Posted by: thederangedbear | September 24, 2008

Whose Side Are You On?

I recently asked Brian about his thoughts on the Spidernati – not what I call it but just easier summation of what it is – and he gave my list a pretty good thrashing but it was also very insightful. His insights also reaffirm my belief that Illuminati is so awkward to customize because you really only have thirty slots to toggle with.

One suggestion Brian made was that I make the transition to Underground Movement instead of Superhuman Registration Act as in OSM’s original list. Brian brings up the point that the Underground Movement often acts as a reinforcement effect, allowing you to move characters who do not have a normal reinforcement channel next to a concealed ready character.

Definitely a reasonable concern.

Anyways, it’s in my mind that SRA or UM decks are probably going to define all the VS metagames for a long time. So I thought some type of comparison between these two would make a good discussion:

Underground Movement – Team-Up has no drawback at all. It provides you a single option that is very powerful no doubt. It will never backfire on you, other then in situations where you suddenly want to move guys back visible to tank.

In constrast, Superhuman Registration Act does have a drawback: Your opponent knows all the draws you have for the rest of your game. There are definitely disadvantages to this, for example Omnipotence being a definite hit as opposed to an educated guess is certainly one that needs to be considered.

In addition, Superhuman Registration Act’s benefit is also considerably less tangible. You know what’s the top card of your deck, but unless it’s a guy there’s only so much the card you can do. I can count on one hand, actually maybe even one finger, the amount of times I’ve recruited a guy from my deck in control builds.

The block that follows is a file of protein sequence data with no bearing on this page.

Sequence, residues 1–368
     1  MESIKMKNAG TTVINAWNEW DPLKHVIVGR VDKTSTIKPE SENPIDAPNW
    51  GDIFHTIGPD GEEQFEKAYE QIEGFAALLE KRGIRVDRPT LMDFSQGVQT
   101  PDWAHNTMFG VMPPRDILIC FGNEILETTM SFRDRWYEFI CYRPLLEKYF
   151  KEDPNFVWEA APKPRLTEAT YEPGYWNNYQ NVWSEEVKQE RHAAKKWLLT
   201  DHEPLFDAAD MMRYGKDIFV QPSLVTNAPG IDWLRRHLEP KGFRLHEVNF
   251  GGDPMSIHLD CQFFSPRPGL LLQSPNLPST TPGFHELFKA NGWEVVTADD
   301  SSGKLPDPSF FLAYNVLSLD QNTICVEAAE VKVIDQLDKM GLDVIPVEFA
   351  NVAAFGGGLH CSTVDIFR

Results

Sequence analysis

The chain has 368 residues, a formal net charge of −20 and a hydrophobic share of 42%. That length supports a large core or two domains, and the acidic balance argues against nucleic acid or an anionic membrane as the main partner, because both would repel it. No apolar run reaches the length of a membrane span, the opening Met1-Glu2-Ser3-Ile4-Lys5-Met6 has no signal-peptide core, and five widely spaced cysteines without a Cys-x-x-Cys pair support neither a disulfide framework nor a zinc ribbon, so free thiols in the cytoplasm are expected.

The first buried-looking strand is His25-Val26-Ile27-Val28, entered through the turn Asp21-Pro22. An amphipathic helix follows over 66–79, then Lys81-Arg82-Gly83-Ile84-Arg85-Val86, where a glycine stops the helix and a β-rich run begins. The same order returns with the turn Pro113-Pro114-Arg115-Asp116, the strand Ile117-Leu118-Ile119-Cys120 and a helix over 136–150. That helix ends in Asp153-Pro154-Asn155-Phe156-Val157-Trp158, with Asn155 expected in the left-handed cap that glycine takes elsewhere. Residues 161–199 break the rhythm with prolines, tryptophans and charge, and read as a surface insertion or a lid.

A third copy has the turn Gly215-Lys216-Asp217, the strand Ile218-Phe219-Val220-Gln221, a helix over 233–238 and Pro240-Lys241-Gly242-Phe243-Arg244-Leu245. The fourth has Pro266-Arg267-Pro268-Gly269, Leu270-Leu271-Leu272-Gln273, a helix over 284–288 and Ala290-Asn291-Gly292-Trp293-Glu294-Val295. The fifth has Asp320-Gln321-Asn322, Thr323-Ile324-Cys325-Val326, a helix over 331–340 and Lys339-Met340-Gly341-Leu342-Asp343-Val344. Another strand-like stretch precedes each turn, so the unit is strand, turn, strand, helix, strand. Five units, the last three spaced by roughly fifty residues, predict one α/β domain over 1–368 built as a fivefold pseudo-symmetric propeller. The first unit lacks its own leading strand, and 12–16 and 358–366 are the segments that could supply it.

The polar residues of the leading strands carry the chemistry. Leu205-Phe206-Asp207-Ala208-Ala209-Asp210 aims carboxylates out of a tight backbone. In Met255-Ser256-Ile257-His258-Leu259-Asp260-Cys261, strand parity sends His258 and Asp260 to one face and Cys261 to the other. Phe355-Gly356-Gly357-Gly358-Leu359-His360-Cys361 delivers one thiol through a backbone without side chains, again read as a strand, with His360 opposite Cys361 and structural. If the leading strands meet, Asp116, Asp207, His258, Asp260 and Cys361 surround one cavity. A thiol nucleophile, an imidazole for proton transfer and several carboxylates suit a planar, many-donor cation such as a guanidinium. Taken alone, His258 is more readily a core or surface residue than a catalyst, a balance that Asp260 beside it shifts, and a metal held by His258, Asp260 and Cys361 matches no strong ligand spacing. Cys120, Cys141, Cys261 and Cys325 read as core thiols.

CaptainSpud – le awesome! -once said that 90% of the time Underground Movement is better then and given my rationale his assessment is correct, right?

Not quite-

I’m a Futurist

The reality is the ability to know the top card of your library is deceptively powerful. Most control decks have some amount of draw and shuffle effects, and the ability to properly time these is huge since you’re always digging toward your endgame.

Let me add this: If you’re dedicating slots to playing the team-up and the appropriate search you are probably control…

I used the manual vs automatic transmission on vs-blog last week and I think it fits here too. SRAgives it’s controller more information, which allows the player’s skill and assessment to influence the flow of the game even more.

Underground Movement doesn’t allow this.

Isn’t that advantage negated by your opponent knowing what you have?

Surprisingly, for a lot of decks… you really don’t care that your opposition knows what you have. These decks typically have a higher bandwidth of power and tend to be proactive.

It’s one thing if your opponent is playing around negation. It’s another if your deck is trying to force your game plan on them. In these situations, your opponent – if they’re any good – is probably already playing around whatever tricks you are telegraphing – such as Gift Wrapped and consequently you’re not really losing anything.